I’m going back directly to the book that started this journal journey. How to Teach Nature Journaling by John Muir Laws and Emilie Lygren is epic in scope and content. Seriously good stuff. Right in the middle is Poetry of Place and Moment. This lesson was perfect for my needs today.
The weekend came and went for me without even attempting a walk and journaling. It’s Tuesday and I still couldn’t get myself prepared for a big thing, but wanted to do something. It’s gray and cold here. The news is awful. But something short, I could do, so when I flipped to this one, I knew I hit the perfect opportunity.
Using the powerful exploration phrases of “I notice”, “I wonder”, and “This reminds me”, I could write something that depicts my Now that's right on my patio. The setting need not be fancy. With luck, I could take the next step and connect how I’m feeling inside with that outside.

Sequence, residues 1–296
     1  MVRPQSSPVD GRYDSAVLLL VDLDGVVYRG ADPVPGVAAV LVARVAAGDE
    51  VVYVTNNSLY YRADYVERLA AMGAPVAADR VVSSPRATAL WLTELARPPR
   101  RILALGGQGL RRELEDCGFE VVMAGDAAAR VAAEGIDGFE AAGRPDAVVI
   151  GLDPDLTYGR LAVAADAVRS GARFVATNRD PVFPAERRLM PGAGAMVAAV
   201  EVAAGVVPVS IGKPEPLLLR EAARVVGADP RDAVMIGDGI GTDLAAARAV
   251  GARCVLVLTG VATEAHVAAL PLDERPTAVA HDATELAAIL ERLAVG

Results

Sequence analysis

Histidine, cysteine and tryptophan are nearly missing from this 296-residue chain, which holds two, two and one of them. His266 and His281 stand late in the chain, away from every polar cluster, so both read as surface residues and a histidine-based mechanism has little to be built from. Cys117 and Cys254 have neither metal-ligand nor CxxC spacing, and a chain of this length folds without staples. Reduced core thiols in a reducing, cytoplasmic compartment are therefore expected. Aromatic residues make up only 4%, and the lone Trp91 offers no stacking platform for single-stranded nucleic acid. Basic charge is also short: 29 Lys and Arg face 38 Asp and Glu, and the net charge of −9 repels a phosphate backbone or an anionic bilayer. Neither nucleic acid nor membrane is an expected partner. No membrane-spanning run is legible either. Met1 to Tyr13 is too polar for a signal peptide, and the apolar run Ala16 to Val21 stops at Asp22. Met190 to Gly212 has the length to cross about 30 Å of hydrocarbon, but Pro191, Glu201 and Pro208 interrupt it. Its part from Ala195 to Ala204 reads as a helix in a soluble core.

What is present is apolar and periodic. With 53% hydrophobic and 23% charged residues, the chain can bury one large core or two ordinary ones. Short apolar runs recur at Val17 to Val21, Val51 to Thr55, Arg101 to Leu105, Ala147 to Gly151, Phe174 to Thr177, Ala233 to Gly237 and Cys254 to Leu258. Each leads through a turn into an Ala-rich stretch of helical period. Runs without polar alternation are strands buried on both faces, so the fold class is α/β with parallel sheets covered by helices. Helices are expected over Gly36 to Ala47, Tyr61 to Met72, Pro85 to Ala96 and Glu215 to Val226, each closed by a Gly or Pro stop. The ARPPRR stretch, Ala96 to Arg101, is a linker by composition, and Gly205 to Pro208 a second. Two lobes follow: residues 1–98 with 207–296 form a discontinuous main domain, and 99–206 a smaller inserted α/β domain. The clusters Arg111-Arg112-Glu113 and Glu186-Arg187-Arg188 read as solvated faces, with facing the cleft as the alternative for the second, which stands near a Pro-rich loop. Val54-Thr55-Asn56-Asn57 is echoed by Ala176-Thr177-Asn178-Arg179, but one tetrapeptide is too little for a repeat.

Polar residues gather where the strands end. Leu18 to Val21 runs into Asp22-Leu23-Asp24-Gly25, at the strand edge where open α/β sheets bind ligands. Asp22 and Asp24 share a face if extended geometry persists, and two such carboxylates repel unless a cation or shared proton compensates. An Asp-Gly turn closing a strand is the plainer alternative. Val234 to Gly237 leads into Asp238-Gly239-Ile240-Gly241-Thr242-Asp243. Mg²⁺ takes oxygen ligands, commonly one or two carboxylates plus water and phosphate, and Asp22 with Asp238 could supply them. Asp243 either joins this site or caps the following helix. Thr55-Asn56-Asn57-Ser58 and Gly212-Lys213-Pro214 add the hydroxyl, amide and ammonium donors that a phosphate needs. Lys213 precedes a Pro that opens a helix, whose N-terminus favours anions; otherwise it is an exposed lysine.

I donned my coat and took my journal out. I sat for a while without doing anything. I needed to enter the space and that takes time.
My poem simply lists that process. I didn’t worry about it at all. It could benefit greatly from revisions. I could add, delete, edit, tweak. Pfft. It’s content, errors, and weaknesses fit my mood- my Now.
Last week I spent significant time on my visuals. This week, all I got was a shadow of an American goldfinch. And to me, that’s fitting, too. It’s both physically and mentally dark, obscured, and basic in today’s Now. I didn’t add any details to the goldfinch’s posting except its scientific name. I did take a photo of dried blackeyed Susan seed heads as a reminder that perhaps that will be a food source.
Remember: journaling is never wrong. We are recording our place and moment as best we can.
If done in a class, journalers can share their work in pairs or whole-group but it’s important to give everyone the space they need. Sharing should always be a choice and expectations for audience reactions and feedback must be in place ahead of time.
Poetry is an especially personal journey. It links one's inside with the outside and that exposes the core.
I added a picture of the dry Norway maple leaves and still-green alpine strawberry leaves that were at my feet. The green is a reminder to me that there’s still tenderness and life out there in our Now.
The work is in becoming aware of it and acknowledging it.
Then, we can step forward to a new moment and place.